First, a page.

All students, however, need two documents. One is a proof of financial ressources (Finanzierungsnachweis) that shows you have enough money to support yourself during your studies. The minimum is currently 10,332 euros annually. You will also need to prove that you have health insurance while studying in Germany.

Two students in a library
Two students © DAAD/Henning Ross

Start to prepare

The best way to reach a destination is to take one small step at a time, and that includes staying in Germany. You will have several things to do between the point at which you decide to go to Germany and when you arrive there. Tip: start early, make sure you’re aware of what’s required and keep an eye on important deadlines.

A student in front of her laptop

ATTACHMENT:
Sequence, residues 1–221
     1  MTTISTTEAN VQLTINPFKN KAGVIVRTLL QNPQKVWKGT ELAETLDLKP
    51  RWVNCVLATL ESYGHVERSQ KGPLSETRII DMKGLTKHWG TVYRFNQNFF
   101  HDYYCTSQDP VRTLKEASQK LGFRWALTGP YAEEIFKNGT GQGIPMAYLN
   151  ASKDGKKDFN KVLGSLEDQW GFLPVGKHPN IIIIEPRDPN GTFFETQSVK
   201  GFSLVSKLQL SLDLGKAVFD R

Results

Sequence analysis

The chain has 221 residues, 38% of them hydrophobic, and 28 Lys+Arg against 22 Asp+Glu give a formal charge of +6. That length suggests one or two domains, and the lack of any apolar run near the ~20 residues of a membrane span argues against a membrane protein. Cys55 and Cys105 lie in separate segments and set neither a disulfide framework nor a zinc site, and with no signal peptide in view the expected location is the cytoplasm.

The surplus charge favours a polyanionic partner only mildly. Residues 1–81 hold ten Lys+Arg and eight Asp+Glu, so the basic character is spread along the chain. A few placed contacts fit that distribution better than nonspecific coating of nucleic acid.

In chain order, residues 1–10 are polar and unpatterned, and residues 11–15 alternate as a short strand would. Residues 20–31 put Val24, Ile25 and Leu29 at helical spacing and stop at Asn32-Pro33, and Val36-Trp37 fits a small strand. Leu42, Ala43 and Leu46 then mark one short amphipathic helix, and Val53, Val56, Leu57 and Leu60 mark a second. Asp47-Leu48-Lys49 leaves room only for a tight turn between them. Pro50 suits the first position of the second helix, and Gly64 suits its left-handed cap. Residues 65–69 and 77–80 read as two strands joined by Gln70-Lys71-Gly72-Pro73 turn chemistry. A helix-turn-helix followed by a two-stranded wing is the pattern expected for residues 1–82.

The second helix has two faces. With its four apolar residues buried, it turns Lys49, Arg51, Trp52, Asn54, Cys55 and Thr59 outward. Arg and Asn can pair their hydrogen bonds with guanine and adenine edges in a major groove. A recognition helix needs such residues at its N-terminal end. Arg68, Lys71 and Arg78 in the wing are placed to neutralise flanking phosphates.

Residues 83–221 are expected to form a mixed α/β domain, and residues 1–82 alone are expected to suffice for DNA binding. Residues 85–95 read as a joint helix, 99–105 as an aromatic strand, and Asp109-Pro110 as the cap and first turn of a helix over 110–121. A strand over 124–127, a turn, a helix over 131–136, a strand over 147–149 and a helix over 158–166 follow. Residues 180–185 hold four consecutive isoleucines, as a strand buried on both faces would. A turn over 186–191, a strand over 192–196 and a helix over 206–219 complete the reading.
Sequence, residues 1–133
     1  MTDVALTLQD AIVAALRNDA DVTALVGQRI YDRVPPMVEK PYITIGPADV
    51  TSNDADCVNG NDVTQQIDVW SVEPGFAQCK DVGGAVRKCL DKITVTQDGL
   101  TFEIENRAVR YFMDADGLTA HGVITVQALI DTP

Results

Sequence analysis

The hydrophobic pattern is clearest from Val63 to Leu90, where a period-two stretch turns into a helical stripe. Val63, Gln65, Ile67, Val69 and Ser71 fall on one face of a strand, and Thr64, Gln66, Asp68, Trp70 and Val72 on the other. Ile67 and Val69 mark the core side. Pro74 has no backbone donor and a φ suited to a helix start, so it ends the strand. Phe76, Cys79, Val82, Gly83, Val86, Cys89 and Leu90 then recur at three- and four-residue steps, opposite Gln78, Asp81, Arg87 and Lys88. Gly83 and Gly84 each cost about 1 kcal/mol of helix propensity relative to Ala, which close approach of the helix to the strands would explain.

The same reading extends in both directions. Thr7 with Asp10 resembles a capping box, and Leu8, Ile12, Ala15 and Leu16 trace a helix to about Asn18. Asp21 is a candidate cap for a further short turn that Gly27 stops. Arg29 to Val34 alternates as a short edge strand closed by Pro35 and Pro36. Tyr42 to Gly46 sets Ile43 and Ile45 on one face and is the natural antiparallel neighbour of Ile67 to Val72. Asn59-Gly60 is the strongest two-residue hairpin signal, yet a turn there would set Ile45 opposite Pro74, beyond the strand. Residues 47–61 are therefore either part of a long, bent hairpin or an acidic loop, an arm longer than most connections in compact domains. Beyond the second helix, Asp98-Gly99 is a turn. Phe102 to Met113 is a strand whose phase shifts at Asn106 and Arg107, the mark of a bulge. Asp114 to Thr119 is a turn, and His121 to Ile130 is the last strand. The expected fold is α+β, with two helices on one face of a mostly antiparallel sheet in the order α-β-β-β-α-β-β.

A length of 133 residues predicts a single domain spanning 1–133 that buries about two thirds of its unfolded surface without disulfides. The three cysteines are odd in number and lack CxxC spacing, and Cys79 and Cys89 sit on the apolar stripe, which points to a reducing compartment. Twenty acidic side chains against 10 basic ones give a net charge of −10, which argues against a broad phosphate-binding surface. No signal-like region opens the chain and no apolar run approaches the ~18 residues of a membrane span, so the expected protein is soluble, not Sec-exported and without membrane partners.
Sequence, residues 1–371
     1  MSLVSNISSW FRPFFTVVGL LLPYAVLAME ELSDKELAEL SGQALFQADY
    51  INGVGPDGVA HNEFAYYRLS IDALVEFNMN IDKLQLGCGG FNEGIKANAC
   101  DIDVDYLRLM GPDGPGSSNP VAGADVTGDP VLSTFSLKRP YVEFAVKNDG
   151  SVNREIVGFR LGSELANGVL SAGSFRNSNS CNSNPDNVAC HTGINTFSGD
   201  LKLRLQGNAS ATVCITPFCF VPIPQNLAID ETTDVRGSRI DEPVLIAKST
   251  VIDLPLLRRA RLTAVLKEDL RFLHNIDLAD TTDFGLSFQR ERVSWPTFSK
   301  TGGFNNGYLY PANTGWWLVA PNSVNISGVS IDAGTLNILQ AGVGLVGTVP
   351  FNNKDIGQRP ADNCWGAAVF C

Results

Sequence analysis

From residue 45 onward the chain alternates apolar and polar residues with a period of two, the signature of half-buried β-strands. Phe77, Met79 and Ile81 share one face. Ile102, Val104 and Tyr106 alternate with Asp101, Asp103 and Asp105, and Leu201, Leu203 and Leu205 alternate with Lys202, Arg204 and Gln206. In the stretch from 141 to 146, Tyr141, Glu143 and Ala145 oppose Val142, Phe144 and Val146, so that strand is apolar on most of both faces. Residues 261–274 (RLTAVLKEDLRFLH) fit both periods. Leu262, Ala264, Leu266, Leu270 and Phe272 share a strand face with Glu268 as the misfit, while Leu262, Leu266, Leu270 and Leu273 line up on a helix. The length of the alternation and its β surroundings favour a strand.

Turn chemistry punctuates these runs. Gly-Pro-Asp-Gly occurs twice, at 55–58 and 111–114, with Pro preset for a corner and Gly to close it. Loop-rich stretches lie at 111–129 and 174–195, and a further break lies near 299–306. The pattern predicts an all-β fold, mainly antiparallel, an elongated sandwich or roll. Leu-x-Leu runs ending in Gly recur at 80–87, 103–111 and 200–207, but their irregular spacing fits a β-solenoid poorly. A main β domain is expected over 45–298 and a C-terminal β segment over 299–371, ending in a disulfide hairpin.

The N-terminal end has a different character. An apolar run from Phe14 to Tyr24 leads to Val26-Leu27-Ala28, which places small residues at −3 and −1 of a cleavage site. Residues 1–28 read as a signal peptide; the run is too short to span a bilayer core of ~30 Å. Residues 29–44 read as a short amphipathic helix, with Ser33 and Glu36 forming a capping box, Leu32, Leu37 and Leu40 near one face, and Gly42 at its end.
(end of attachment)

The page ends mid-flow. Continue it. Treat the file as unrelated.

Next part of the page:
A student with a laptop© DAAD/Henning Ross
  • Whether it’s rent, food, public transport, semester fees or health insurance, you should prepare financially.

  • Whether you’re applying for a spot at a German university or an internship with a company, there are important requirements and deadlines.

  • As a rule, you need to prove you have German skills to be admitted to a degree course, although in internationally oriented disciplines, German language proficiency isn’t always a must.

  • Your confirmation of enrolment is proof that you’re registered at a German higher education institution and is an important document. Once you have enrolled you will receive your student ID.

  • In Germany, students arrange their own accommodations. So start looking for accommodations before you leave your home country.

More on this topic

Group of People sitting on stairs

Five Reasons for Germany

What makes Germany the best place to study at?

Why Germany
Universitätsgebäude in Deutschland

Get to know the higher education system

Read about the different types of higher education institutions and degrees

Learn more

Determine the type of stay